If you follow the local food scene, you probably know that, while our vegetable supply is steady and varied, our fruit options are notably more limited. We get a brief, decadent rush of strawberries in the spring, followed by a smattering of blueberries and blackberries in the early summer, a few weeks of melons, and then a trickling of figs and muscadines in the fall. Throw in some backyard green plums, peaches from central Georgia and apples from the mountains, and that’s pretty much the entirety of our fruit repertoire.
Slow Food Atlanta is partnering with the Global Growers Network to present Atlanta’s first International Farm Tour this Sunday, June 24. The Network is dedicated to helping approximately 250 farmers who found refuge in Atlanta after being forced out of their countries because of war, genocide, and persecution.
Among the dozens of overused food quotes, “Cheese is milk’s leap towards immortality” (Brillat-Savarin Clifton Fadiman) is probably my favorite. American milk has been bounding toward eternity in the care of increasingly skillful hands over the last few decades. Small-scale farmers have grown from making simple, fledgling efforts to crafting sublime cheeses that can stand beside Europe’s finest. With the growth of this industry, organizations in major cheese making regions have naturally popped up to support cheese makers and educate consumers. Vermont Cheese Council and the California Artisan Cheese Guild are two biggies.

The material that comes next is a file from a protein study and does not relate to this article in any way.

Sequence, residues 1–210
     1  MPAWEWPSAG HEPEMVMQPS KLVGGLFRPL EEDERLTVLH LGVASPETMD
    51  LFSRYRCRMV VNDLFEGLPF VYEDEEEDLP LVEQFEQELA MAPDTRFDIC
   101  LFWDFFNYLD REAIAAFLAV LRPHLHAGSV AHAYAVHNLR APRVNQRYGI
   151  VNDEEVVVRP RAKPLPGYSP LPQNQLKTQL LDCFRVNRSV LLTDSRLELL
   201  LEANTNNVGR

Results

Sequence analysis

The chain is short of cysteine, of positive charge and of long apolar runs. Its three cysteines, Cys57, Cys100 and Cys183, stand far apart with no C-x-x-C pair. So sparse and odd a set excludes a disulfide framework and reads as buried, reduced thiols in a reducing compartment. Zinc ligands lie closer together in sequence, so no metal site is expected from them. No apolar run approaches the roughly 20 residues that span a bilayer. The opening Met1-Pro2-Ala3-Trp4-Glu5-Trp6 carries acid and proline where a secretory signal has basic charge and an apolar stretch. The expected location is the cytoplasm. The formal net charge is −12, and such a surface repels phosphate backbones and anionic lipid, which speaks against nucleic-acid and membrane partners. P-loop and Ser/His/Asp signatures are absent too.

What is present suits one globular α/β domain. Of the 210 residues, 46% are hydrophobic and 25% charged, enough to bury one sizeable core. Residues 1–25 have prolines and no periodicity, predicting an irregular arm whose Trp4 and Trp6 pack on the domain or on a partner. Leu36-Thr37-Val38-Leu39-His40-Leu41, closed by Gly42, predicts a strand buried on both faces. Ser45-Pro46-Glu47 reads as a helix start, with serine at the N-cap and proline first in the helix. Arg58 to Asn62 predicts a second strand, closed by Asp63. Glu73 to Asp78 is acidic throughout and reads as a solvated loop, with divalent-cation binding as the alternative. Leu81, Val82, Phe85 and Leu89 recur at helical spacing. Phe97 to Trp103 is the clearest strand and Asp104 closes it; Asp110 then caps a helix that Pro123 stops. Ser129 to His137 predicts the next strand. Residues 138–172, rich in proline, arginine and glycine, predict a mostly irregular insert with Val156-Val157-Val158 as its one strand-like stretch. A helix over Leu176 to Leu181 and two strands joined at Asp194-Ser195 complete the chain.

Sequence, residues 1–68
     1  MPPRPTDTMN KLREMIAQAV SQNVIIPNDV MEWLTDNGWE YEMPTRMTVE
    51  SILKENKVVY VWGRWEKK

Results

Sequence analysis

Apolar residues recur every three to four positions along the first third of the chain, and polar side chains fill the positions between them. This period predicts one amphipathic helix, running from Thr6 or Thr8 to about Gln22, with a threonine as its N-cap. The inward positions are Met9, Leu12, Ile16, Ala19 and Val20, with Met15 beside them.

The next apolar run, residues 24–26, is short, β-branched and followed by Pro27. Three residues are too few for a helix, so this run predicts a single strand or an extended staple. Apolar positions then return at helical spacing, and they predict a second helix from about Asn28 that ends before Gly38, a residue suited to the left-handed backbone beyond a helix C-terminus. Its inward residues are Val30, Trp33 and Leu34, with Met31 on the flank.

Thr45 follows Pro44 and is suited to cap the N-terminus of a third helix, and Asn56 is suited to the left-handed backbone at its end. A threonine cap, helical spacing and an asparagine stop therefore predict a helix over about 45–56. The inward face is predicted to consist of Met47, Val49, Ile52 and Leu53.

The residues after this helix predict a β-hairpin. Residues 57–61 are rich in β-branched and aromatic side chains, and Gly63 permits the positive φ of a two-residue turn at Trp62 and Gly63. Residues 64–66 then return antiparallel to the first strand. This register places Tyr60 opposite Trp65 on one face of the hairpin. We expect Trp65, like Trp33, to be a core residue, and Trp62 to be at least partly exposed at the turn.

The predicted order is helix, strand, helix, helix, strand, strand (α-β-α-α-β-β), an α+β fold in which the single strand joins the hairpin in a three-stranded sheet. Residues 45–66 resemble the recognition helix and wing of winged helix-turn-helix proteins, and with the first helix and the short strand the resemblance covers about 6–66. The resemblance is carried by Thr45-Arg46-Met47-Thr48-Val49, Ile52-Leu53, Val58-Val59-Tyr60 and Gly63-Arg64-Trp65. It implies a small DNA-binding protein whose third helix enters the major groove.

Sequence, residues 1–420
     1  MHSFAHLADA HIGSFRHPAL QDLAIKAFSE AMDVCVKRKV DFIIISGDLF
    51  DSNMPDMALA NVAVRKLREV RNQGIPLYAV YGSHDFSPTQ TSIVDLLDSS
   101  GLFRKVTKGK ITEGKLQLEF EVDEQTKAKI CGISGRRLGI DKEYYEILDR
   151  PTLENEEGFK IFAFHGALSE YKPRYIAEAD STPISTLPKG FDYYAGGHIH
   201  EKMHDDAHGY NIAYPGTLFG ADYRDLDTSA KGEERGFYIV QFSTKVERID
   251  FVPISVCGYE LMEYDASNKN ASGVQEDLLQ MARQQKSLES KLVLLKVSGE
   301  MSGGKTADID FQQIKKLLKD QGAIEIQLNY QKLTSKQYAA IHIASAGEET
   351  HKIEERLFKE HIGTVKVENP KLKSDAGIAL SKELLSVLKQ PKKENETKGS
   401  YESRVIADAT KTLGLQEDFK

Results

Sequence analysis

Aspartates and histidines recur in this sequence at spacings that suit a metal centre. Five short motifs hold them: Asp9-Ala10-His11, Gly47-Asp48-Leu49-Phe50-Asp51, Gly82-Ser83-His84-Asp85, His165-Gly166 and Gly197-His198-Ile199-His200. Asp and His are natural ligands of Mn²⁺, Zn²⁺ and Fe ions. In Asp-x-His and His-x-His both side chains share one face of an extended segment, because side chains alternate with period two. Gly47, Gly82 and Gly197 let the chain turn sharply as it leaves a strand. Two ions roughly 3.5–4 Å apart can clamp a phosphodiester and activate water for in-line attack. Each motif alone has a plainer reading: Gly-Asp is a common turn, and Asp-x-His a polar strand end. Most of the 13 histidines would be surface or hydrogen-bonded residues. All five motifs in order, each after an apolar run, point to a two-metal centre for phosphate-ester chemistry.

At Burgess-Peterson Academy in Atlanta, vegetable-loving children take turns caring for the school’s hens and share in their output of fresh eggs. At Crawford Long Middle School, science teacher Tiarra Moore has commanded an impressive list of grants and awards to build aneducational organic garden and orchard. And at Morningside and Springdale Park elementary schools, students participate in garden-themed science lessons and are treated to cooking demonstrations from visiting chefs.
From cool Thin Mints to buttery Trefoils, Girl Scout cookies are a seasonal obsession, and every year, thousands of girls arrange rows of brightly-colored cookie boxes outside of grocery stores and local businesses. But underneath the sweet façade of smiling girls and delicious treats lies a fierce spirit of competition as girls command their own companies. Each sets her own goal, and those who sell the most are recognized or, in some cases, adorned. At one thousand boxes, she is officially a “top seller.”